How to Clean Stainless Steel

By: Marie Willsey & Kathryn Whitbourne  | 
cleaning stove
A soft cloth is a must when cleaning stainless steel appliances. xefstock/Getty Images

The distinctive shine of stainless steel is found everywhere you look — from the kitchen sink to the pinnacle of the Chrysler Building. And no wonder: It's a high-performance marvel, an extremely durable material that does not corrode or rust. It doesn't stain easily, either, although it's not stain-proof. Low maintenance and distinctive luster make it popular for use in cookware, cutlery, hardware and major appliances like refrigerators and stovetops, as well as surgical instruments and many industrial applications.

Stainless steel needs to be cleaned to look its best and to prevent corrosion. Here's why: Oxygen combines with chromium in stainless steel to form a sort of "film" of chromium oxide. That film protects stainless steel from corrosion. Any contamination on the surface by dirt or oils hampers this process and traps corrosive agents, reducing corrosion protection.


Luckily, stainless steel is easy to clean using several inexpensive methods. Unlike some materials, it thrives with frequent cleaning. It's impossible to wear out a stainless steel surface by cleaning it too much.

Here are some ways to clean stainless steel appliances. These methods will also work if you're cleaning a stainless steel sink or other items.


1. Start With Warm Water

Man cleans sink in commercial kitchen
Warm water is often the best and easiest thing to use when cleaning stainless steel sinks and appliances. kali9/Getty Images

It's true: Most of the time, stainless steel will come clean with warm water, with or without a gentle detergent. Simply rinse your stainless steel pots or cutlery in the sink and clean them with a gentle cloth. If you'd like, add a little of your favorite household dish soap to make the job easier. Or wipe down your stainless steel appliance with water.

Sometimes water may contain mineral solids that can leave water spots on stainless steel, so wipe thoroughly with dry towels to keep your pots and pans or appliances looking their best.


Be sure to use this cleaning method first before you move on to other solutions. You may find a little warm water and suds will do the trick, and you don't need to bother with harsher cleaning solutions.

2. Try Olive Oil on Smudges

Smudges and fingerprints are the most frustrating part of owning stainless steel appliances. To get around that, use a spray cleaner specifically designed for stainless steel. You can find it at the grocery store or a home improvement store. For a DIY option, apply a dab of dish soap to a wet microfiber cloth. Wipe down the appliance in the direction of the grain. Dry it and apply a little olive oil on another microfiber cloth and buff it until it shines.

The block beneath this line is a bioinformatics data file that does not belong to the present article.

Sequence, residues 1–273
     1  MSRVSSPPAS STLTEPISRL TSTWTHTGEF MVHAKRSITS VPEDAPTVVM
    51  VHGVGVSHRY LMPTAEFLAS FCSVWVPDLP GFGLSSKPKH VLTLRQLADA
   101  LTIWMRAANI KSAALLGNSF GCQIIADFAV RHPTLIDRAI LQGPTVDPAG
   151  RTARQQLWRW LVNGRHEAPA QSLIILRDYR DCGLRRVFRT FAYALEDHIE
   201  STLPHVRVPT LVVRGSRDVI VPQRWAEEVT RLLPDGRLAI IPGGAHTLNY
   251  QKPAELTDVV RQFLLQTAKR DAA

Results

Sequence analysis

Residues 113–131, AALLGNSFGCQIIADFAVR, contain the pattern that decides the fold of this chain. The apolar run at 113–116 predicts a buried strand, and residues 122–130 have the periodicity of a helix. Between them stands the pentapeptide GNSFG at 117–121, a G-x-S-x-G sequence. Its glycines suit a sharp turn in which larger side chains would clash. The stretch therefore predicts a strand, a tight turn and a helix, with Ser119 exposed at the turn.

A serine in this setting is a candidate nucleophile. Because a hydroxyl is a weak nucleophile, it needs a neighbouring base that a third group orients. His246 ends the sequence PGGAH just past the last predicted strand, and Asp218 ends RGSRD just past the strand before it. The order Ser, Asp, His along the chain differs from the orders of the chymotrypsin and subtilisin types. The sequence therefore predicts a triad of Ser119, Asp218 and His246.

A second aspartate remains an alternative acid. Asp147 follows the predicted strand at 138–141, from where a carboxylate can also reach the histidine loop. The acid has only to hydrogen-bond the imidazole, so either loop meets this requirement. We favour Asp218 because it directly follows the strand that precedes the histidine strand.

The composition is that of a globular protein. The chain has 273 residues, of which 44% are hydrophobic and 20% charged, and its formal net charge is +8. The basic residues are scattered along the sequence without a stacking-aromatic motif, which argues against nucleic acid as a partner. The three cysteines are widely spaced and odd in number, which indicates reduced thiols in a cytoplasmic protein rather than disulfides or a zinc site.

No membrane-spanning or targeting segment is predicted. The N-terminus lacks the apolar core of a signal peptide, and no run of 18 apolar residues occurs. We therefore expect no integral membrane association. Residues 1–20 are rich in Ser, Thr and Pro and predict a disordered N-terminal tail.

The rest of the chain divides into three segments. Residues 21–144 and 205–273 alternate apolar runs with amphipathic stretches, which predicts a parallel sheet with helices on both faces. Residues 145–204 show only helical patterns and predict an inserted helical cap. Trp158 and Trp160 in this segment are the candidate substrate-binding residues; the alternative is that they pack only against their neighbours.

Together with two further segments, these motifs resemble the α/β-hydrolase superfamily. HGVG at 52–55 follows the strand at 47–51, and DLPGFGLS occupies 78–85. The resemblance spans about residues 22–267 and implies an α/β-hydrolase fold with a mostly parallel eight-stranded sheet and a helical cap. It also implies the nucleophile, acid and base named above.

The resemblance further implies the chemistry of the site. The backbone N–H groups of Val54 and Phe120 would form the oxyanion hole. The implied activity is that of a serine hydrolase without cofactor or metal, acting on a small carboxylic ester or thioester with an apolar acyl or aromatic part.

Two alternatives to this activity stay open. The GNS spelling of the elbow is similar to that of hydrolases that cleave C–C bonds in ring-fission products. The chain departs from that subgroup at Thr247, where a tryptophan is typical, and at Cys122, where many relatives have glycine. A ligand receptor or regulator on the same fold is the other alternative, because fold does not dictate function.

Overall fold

Much like with fine wood, you must go with the grain when cleaning stainless steel. Follow the lines of the grain, wiping on cleanser gently, wiping off and rinsing. Do not wipe in a circular motion (this is tough if you're used to scrubbing in a circle.) Use long swipes instead.


3. Use Baking Soda on Stubborn Stains

Whether it's a crusty stainless steel frying pan or your grimy barbecue grill, mild non-abrasive powders may be in order for a thorough cleaning. Typical household cleaners like Comet, Ajax or Bar Keepers Friend will do the trick, but you can also find many specialty stainless steel cleaners at your neighborhood grocery store.

For a non-chemical method, look for good old-fashioned baking soda. Make a paste of baking soda and water and spread on the appliance with a sponge. Leave it for 15 to 20 minutes and then rinse in hot water. Wipe with a soft cloth.


After cleaning, always rinse with clean, hot water and enjoy the shine of your new-looking pots, pans, kitchen sink or appliance.

4. Spray a Little Vinegar to Clean

woman spraying fridge
Spray your stainless steel refrigerator and other surfaces with undiluted vinegar to clean them. Onfokus/Getty Images

A very effective and frugal cleaner for your stainless steel appliances may be hiding in your pantry: vinegar. Simply fill a spray bottle with undiluted white vinegar, spray on all your stainless steel surfaces, and wipe dry with a soft cloth.

This method works because the acetic acid in the vinegar cuts through the oil left behind by fingertips, rather than smearing it around like other cleaners. Some cooks use lemon juice, which has a similar effect.


Vinegar works well to remove stains that result from heat and hard water, even on cutlery. To remove them, apply white vinegar with a soft cloth and rub gently. Dry thoroughly to prevent a film from forming.

Vinegar can also come in handy to clean your sink. Spread a paste of baking soda and water on the sink surface. Then rinse with vinegar — watch the mixture fizz as it disinfects and removes hard water stains.


5. Avoid Harsh Cleansers and Scrubbers on Stainless Steel

Never use a cleanser containing bleach, because it will ruin the finish. However, ammonia is OK. Don't ever scrub your appliances with an abrasive sponge or steel wool. Abrasive tools will scratch the grain of the stainless steel and make your beautiful new kitchen appliances look dull. Carbon steel brushes and steel wool can also leave particles embedded on the surface that might lead to rusting


6. Wipe Surfaces Immediately After Cleaning

Once you've cleaned your stainless steel appliance, sink or cookware and rinsed it in hot water, you'll want to dry it immediately with paper towels or clean dry cloths so that the water doesn't have time to evaporate and leave water spots. Avoid using oily rags or greasy cloths that can smear your newly cleaned surfaces.


Originally Published: Nov 22, 2010

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